[Fwd: Wake Up and Smell the Coffee It's Not 1970! (or is it?)]
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> But, regarding that, then is linuxconf suppose to be "the GUI tool"
> then? If GUI is needed for admin, what tools do you trust enough to
> justify the need GUI?
There are multiple "GUI" administration tools besides linuxconf. YaST
(from SuSE) and the tools provided with OpenLinux, etc. are also quite
nice. The point is, there is no need to insist that X is NOT part of
what should be considered the standard base, that idea in its entirety
is an attempt to halt the evolution of Linux as an OS.
> > With the HD
> > space that ships with servers today having X is not a big deal.
> Untrue. Several smaller companies will delegate older systems to
> specialized roles, taking some of the unnecessary workload off of the
> one or two "good new systems" they can afford to keep. A standard
> should span across all systems a group uses in order to be useful.
I think you must be referring to VERY small companies. Granted, I work
in global operations for a Fortune 5 company, but I still believe that
HD space is very affordable. It is impossible to even purchase a desktop
with less than 10 G or so of HD now. With 20 G HD's around $300 US I
seriously doubt that any company that sees even modest profitability
would have trouble meeting this negligable ammount of storage space.
> > Also,
> > attempting to train a large first level support staff on administering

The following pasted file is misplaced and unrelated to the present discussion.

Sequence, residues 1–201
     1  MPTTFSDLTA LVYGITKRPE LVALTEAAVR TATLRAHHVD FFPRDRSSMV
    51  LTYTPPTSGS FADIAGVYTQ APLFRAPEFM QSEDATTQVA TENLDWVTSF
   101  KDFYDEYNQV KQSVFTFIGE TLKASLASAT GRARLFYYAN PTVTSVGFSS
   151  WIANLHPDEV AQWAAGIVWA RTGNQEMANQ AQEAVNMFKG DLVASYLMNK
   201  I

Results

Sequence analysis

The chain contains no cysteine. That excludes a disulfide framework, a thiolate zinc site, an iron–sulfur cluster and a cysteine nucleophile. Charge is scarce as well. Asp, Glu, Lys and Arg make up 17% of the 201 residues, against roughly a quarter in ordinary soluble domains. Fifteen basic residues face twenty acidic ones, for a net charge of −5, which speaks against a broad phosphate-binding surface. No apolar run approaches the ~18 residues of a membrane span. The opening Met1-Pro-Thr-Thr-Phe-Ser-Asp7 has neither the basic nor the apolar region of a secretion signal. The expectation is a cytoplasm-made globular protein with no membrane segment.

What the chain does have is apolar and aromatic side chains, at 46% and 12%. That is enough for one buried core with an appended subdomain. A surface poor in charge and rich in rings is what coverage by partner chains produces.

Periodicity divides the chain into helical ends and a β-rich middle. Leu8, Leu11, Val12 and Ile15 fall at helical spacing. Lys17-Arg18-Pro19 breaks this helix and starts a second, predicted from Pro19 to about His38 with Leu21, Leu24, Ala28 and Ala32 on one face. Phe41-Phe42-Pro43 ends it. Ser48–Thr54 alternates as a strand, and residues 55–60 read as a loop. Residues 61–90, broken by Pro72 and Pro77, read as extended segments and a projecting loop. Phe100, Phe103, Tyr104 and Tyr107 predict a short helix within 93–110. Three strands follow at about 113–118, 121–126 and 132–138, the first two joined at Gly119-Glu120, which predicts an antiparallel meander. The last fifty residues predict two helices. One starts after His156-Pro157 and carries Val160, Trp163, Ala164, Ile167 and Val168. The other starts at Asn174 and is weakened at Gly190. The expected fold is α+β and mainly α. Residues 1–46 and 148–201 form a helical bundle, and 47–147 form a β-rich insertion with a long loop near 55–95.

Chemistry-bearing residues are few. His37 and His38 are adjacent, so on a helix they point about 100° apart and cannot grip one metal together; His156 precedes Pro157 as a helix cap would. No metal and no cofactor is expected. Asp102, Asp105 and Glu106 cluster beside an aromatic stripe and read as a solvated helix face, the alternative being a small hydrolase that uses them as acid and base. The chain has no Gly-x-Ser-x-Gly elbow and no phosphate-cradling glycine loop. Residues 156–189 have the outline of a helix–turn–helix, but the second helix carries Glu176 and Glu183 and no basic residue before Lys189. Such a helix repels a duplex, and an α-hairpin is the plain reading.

> > from the console is not always economical (and often dangerous :) ). I
> > think your idea of he LSB is a throwback to the days of the 386,
> Again, it's not looking back, it's looking forward. Linux is entering a
> much broader market than desktop and "do it all server." Devices,
> appliances, lots of new "little" things that don't even work from a
> traditional hard drive. Linux on a Flash Disk is a reality that is just
> coming into it's own. Systems that NFS mount almost everything
> (including X) are becoming far more common (but, now bandwidth limited).
> One box doesn't and shouldn't do it all in a correctly working network.
> The networking ideas of different boxes doing different functions does
> date back to the 70's, but it's only now maturing in Linux, and I see no
> reason to impose a inflexible base set on the diverse rolls of these
Again, I must decent. Lets have a spec that exists for what is there
now. This seem to make more sense and be a lot less confusing than
informing individuals that "just about anything" can be linux. As far as
the base being inflexable, I believe that everyone of us that have
contributed to its deffinition have made certain that it contains a
reasonable ammount of flexability. The problem is, what happens if you
make the spec too flexable? The answer is simple, no one has a good clue
about their target and generally don't even bother with a port.
Gregory S Hayes
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